In fine, it has been established by proof beyond reasonable doubt that appellants sold shabu. Under Section 5, Article II of Republic Act No. 9165, the penalty of life imprisonment to death and fine ranging from P500,000.00 to P1,000,000.00 shall be imposed upon any person, who, unless authorized by law, shall sell, trade, administer, dispense, deliver, give away to another, distribute, dispatch in transit or transport any dangerous drug, including any and all species of opium poppy regardless of the quantity and purity involved. Hence, the trial court, as affirmed by the Court of Appeals, correctly imposed the penalty of life imprisonment and a fine of P500,000.00. As to Godofredo who was further convicted of illegal possession of drug paraphernalia, Section 12, Article II of Republic Act No. 9165 imposes the penalty of imprisonment ranging from six (6) months and one (1) day to four (4) years and a fine ranging from Ten thousand pesos (P10,000.00) to Fifty thousand pesos (P50,000.00) upon any person, who unless authorized by law, shall possess or have under his/her control any equipment, instrument, apparatus and any other paraphernalia fit or intended for smoking, consuming, administering, injecting, or introducing any dangerous drug into the body.

Based on the foregoing rules, we also affirm the imposition of penalties by the trial court.ςηαοblενιrυαllαωlιbrαr

WHEREFORE, premises considered, the Decision dated 9 November 2009 of the Court of Appeals in CA-G.R. CR-H.C. No. 03343 which, in turn, affirmed the Decision dated 5 March 2008 of the Regional Trial Court, Branch 65, Sorsogon City, in Criminal Cases Nos. 04-706, 04-707, and 04-708, is AFFIRMED in toto.ςrαlαωlιbrαr

SO ORDERED.

Endnotes:


1ςrνll Penned by Associate Justice Jose L. Sabio, Jr. with Associate Justices Arcangelita M. Romilla-Lontok and Sixto C. Marella, Jr. concurring, Rollo, pp. 2-23.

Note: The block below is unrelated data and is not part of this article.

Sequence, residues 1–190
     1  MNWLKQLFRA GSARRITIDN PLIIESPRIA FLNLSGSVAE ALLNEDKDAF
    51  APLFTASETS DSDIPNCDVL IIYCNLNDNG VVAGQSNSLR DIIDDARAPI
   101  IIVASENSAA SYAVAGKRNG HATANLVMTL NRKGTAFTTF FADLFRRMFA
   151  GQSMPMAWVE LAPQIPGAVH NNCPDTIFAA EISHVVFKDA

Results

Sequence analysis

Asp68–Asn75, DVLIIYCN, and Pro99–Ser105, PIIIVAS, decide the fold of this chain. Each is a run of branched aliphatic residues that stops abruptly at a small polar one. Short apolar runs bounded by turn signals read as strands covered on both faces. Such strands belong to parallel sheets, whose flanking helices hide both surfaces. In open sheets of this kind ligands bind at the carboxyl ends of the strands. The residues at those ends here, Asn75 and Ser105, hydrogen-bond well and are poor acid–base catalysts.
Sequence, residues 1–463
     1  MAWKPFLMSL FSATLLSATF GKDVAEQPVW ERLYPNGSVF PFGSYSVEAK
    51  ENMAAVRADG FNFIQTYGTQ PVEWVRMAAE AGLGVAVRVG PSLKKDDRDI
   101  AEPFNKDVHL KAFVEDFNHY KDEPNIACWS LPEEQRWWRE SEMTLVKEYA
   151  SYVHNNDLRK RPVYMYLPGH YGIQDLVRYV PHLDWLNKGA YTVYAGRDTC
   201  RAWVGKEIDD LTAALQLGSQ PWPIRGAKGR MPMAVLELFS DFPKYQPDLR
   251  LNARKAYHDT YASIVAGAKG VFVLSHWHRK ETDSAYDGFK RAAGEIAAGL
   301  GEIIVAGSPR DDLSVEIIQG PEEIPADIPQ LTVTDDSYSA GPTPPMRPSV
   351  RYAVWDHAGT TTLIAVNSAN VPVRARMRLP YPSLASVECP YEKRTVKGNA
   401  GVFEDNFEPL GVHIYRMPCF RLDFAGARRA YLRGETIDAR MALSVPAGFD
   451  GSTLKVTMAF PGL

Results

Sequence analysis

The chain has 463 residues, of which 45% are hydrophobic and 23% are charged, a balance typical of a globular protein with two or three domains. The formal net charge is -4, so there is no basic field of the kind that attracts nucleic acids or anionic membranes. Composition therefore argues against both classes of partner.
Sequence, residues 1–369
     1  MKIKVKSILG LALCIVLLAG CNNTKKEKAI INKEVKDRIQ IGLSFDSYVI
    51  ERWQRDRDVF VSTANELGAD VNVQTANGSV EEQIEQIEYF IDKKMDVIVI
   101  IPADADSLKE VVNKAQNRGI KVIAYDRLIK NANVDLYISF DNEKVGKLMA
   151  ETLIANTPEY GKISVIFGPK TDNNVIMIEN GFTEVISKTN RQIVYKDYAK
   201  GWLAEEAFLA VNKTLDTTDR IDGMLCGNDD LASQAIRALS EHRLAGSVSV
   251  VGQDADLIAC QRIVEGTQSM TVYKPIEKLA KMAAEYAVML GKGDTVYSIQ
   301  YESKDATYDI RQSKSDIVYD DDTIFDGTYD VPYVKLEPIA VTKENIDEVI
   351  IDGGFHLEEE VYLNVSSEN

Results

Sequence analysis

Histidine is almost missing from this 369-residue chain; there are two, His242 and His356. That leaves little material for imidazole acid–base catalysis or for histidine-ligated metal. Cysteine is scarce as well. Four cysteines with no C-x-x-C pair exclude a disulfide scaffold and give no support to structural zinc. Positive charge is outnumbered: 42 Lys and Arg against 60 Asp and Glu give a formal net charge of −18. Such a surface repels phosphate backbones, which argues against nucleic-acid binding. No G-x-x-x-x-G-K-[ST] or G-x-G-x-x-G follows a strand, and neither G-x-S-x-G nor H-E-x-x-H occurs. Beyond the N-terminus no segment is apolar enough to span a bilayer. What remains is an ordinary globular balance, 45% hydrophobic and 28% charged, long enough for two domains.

2ςrνll Prescribed by Judge Adolfo G. Fajardo. CA rollo, pp. 23-47.

3ςrνll In some parts of the Records, it is also spelled as "Guban."

4ςrνll Records, p. 1.

5ςrνll Id. at 159-160.

6ςrνll Id. at 161.

7ςrνll TSN, 20 September 2005, pp. 16-17.

8ςrνll Id. at 20.

9ςrνll Id. at 4-6; TSN, 8 November 2005, pp. 3-5.

10ςrνll Id. at 6-7; Id. at 6.

11ςrνll TSN, 20 September 2005, p. 9.

12ςrνll Records, p. 132.

13ςrνll TSN, 20 September 2005, p. 12.

14ςrνll Records, p. 11.

15ςrνll TSN, 4 June 2007, pp. 4-12.

16ςrνll TSN, 11 September 2007, pp. 5-7.

17ςrνll CA rollo, pp. 100-101.

18ςrνll Rollo, p. 24.

19ςrνll Id. at 29.

20ςrνll Id. at 31 and 35.

21ςrνll People v. Abedin, G.R. No. 179936, 11 April 2012 citing People v. Serrano, G.R. No. 179038, 6 May 2010, 620 SCRA 327, 340; People v. De Leon, G.R. No. 186471, 25 January 2010, 611 SCRA 118, 128 citing People v. Del Mundo, 539 Phil. 609, 617 (2006).

22ςrνll TSN, 20 September 2005, pp. 4-7.

23ςrνll TSN, 8 November 2005, pp. 3-6.

24ςrνll Zalameda v. People, G.R. No. 183656, 4 September 2009, 598 SCRA 537, 549.

25ςrνll Records, p. 130.

26ςrνll Id. at 16-17.

27ςrνll TSN, 15 August 2006, pp. 7-8.

28ςrνll People v. Soriano, G.R. No. 173795, 3 April 2007, 520 SCRA 458, 468 citing People v. Dulay, 468 Phil. 56, 65 (2004) citing further People v. Barita, 381 Phil. 832, 846-847 (2000); People v. Vinecario, 465 Phil. 192, 215 (2004); People v. Ahmad, 464 Phil. 848, 869-870 (2004); People v. Chua Uy, 384 Phil. 70, 85-86 (2000) citing People v. Dichoso, G.R. Nos. 101216-18, 4 June 1993, 223 SCRA 174, 187; People v. Constantino, G.R. No. 109119, 16 August 1994, 235 SCRA 384, 391; People v. Tranca, G.R. No. 110357, 17 August 1994, 235 SCRA 455, 462-463; People v. Lee Hoi Ming, 459 Phil. 187, 194 (2003); People v. Saludes, 451 Phil. 719, 726-727 (2003).

29ςrνll Rollo, pp. 20-21.